Allen Iverson, legendary NBA point guard best known for his 10-year career with the Philadelphia 76ers, was enshrined into basketball immortality on Saturday, joining centers Shaquille O’Neal and  Yao Ming, and coach Tom Izzo in the 2016 class of Hall of Fame inductees. Iverson’s career was characterized by electrifying crossovers, jaw-dropping slam dunks and daily exhibitions of what it means to be competitive to one’s core. 

By the time he threw in the towel, Iverson had made eleven All-Star Game appearances, winning two All-Star Most Valuable Player awards, won Rookie of the Year and secured the 2001 NBA MVP award. Though he retired without capturing the elusive Larry O’Brien championship trophy, Iverson left an indelible mark on the city of Philadelphia, professional basketball and pop culture. While Iverson may be remembered by the off-court antics that sometimes overshadowed his generational talent, his Hall of Fame induction should make clear that his unprecedented skill should serve as his legacy. 

Iverson’s career was nearly derailed by an infamous incident that took place in his hometown of Hampton, Virginia. Following a bowling alley altercation and subsequent investigation, Iverson was arrested, charged with assault and sentenced to a 15-year prison sentence just before the beginning of his senior year in high school. Fortunately for Iverson, he was granted clemency by the governor of Virginia, and his conviction was overturned on account of insufficient evidence. Though Iverson was blessed with a shot at redemption with the Georgetown Hoyas, his arrest and conviction created a “thuggish” persona that would follow the young star until his retirement from the NBA.

Iverson may also be remembered by one of the most memorable press conferences in sports history, in which the then-76ers star responded to questions about his being absent from practice during the playoffs with an epic rant that included the use of the word “practice” fourteen times. The press conference made national headlines, further marring Iverson’s reputation and creating doubts about his devotion to the team.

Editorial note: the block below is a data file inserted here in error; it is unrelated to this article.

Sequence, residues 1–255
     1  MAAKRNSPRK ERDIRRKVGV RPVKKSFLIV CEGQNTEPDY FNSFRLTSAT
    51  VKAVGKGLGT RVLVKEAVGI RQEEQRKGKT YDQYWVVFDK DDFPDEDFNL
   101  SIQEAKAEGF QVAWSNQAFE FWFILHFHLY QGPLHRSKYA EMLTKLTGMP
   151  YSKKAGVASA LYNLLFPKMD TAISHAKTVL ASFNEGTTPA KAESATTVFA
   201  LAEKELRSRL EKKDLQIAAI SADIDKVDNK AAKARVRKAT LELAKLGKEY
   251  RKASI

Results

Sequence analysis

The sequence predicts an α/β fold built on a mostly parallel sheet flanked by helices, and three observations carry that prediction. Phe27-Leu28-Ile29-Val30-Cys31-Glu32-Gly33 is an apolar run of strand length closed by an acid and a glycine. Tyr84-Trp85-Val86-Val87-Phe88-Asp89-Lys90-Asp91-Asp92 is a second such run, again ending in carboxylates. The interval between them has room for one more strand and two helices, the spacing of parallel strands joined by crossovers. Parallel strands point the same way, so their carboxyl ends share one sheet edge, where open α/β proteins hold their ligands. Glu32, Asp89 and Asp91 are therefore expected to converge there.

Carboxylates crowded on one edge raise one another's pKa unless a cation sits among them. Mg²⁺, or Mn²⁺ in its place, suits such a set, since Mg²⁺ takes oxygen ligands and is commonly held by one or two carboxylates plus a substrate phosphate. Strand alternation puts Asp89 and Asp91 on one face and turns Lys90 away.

These are just two of many instances that made Iverson one of the most polarizing figures in professional sports. Although criticism is warranted, it would be a disservice to Iverson’s career if he were remembered only for his mistakes. The Virginia native did more to change professional basketball than almost anyone who came before him, injecting unprecedented swagger into the league. What’s more, Iverson’s on-court dominance made him one of the most mesmerizing players in the NBA, as he led the 76ers with a grit normally uncharacteristic of a point guard standing a mere six feet tall. 

To gain insight into just how dominant a force Iverson was, one need not look further than his career statistics. Iverson retired with career averages of 26.7 points per game, 6.2 assists and 2.2 steals. Iverson averaged an eye-popping 33.0 points per game during the 2005-06 season, one of five times he averaged more than 30.0 points per-game in a season. What may be even more impressive is that Iverson held career playoff averages of 29.7 points, 6.0 assists and 2.1 steals per-game. 

Unfortunately, his induction does not guarantee that the legacy he leaves behind is one that highlights his career accomplishments. Despite  his mistakes, the guard deserves to be remembered for the way he dominated professional basketball.